Formulating diets based on digestible calcium instead of total calcium does not affect growth performance or carcass characteristics, but microbial phytase ameliorates bone resorption caused by low calcium in diets fed to pigs from 11 to 130 kg

L. Vanessa Lagos, Su A. Lee, Mike R. Bedford, Hans H. Stein

Research output: Contribution to journalArticlepeer-review

Abstract

An experiment was conducted to test the hypothesis that the requirement for Ca expressed as a ratio between standardized total tract digestible (STTD) Ca and STTD P obtained in short-term experiments may be applied to pigs fed diets without or with microbial phytase from 11 to 130 kg. In a 5-phase program, 160 pigs (body weight: 11.2 ± 1.8 kg) were randomly allotted to 32 pens and 4 corn-soybean meal-based diets in a 2 × 2 factorial design with 2 diet formulation principles (total Ca or STTD Ca), and 2 phytase inclusion levels (0 or 500 units/kg of feed) assuming phytase released 0.11% STTD P and 0.16% total Ca. The STTD Ca:STTD P ratios were 1.40:1, 1.35:1, 1.25:1, 1.18:1, and 1.10:1 for phases 1 to 5, and STTD P was at the requirement. Weights of pigs and feed left in feeders were recorded at the end of each phase. At the conclusion of phase 1 (day 24), 1 pig per pen was euthanized and a blood sample and the right femur were collected. At the end of phases 2 to 5, a blood sample was collected from the same pig in each pen. At the conclusion of the experiment (day 126), the right femur of 1 pig per pen was collected and carcass characteristics from this pig were measured. No interactions were observed between diet formulation principle and phytase inclusion for growth performance in any phase and no differences among treatments were observed for overall growth performance. Plasma Ca and P and bone ash at the end of phase 1 were also not influenced by dietary treatments. However, on day 126, pigs fed nonphytase diets formulated based on total Ca had greater bone ash than pigs fed STTD Ca-based diets, but if phytase was used, no differences were observed between the 2 formulation principles (interaction P < 0.05). At the end of phases 2 and 3, pigs fed diets without phytase had greater (P < 0.05) plasma P than pigs fed diets with phytase, but no differences were observed at the end of phases 4 and 5. A negative quadratic effect (P < 0.05) of phase (2 to 5) on the concentration of plasma Ca was observed, whereas plasma P increased (quadratic; P < 0.05) from phases 2 to 5. However, there was no interaction or effect of diet formulation principle or phytase inclusion on any carcass characteristics measured. In conclusion, STTD Ca to STTD P ratios can be used in diet formulation for growing-finishing pigs without affecting growth performance or carcass characteristics and phytase inclusion ameliorates bone resorption caused by low dietary Ca and P.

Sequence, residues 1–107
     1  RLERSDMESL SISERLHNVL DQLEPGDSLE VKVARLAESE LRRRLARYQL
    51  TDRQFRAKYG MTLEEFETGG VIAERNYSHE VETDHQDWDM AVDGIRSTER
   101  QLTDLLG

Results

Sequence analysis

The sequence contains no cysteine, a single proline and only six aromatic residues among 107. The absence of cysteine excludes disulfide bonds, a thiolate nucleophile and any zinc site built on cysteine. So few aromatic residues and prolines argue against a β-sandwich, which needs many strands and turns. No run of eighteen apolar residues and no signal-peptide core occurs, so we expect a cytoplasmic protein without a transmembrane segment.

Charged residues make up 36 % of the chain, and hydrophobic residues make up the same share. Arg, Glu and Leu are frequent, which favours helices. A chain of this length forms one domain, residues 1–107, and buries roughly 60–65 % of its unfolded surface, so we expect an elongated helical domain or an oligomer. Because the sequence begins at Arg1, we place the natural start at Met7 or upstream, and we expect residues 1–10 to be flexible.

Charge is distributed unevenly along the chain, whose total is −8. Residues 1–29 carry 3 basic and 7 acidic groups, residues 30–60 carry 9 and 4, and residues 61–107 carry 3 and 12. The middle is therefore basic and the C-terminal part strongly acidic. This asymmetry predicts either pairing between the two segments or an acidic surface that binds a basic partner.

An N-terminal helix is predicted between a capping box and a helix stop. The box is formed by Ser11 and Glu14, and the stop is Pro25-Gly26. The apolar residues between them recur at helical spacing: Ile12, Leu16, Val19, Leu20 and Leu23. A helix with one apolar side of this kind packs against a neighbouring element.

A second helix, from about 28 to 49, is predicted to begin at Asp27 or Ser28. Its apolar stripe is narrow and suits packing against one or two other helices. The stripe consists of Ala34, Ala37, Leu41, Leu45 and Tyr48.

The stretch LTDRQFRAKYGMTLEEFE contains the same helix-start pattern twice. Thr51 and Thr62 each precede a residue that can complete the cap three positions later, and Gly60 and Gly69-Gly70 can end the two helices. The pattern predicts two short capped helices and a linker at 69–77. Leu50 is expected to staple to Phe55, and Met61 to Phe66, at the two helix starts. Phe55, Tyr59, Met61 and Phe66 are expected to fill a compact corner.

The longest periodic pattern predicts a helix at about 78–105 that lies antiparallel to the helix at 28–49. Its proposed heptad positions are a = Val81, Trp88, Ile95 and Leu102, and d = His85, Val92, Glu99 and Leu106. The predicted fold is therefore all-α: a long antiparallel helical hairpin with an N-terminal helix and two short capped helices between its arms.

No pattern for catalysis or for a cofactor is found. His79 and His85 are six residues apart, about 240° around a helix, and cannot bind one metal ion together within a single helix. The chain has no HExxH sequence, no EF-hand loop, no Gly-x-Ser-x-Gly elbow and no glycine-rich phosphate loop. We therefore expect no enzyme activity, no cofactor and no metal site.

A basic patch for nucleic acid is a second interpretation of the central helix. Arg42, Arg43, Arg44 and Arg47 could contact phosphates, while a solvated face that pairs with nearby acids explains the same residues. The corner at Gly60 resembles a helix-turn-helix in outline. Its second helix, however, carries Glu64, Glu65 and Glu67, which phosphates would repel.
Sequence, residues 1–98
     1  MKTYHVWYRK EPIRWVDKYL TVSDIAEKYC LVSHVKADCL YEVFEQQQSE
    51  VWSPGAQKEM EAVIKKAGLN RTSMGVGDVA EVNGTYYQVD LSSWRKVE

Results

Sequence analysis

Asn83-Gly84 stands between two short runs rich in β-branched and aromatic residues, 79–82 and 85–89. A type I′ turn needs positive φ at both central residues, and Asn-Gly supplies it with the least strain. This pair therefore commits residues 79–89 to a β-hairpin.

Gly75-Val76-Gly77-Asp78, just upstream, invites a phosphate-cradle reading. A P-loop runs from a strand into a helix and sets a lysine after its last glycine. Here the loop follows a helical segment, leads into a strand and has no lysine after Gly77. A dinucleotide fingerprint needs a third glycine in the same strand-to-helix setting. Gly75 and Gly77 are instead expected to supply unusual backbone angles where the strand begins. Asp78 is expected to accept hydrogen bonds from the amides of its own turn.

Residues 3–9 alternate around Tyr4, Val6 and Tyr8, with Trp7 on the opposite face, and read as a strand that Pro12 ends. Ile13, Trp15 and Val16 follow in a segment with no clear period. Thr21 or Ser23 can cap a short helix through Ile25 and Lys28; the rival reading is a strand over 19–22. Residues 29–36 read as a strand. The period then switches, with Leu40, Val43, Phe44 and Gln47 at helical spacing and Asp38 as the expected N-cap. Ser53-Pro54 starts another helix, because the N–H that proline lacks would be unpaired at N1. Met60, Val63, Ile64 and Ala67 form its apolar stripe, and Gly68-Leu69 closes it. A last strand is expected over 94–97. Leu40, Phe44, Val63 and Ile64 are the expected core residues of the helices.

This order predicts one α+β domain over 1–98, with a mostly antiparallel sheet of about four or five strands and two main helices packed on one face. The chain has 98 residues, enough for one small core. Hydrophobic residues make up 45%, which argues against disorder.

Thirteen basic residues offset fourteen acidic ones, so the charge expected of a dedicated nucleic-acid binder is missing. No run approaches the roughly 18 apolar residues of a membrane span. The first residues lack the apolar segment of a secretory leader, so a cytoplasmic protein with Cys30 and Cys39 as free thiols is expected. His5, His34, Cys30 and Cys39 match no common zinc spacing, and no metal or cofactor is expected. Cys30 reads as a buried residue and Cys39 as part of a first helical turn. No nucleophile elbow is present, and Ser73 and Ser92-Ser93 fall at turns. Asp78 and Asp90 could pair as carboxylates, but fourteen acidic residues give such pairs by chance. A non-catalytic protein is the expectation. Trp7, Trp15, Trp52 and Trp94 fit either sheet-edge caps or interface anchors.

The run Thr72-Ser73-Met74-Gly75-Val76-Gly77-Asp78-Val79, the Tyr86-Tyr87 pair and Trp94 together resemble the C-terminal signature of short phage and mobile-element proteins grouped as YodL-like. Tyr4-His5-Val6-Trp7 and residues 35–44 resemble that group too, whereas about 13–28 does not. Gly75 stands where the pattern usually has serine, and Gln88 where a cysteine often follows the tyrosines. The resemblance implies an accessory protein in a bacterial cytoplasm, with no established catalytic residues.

Original languageEnglish (US)
JournalJournal of animal science
Volume99
Issue number3
DOIs
StatePublished - Mar 1 2021

Keywords

  • bone ash
  • calcium
  • growth performance
  • phosphorus
  • phytase
  • pigs

ASJC Scopus subject areas

  • Food Science
  • Animal Science and Zoology
  • Genetics

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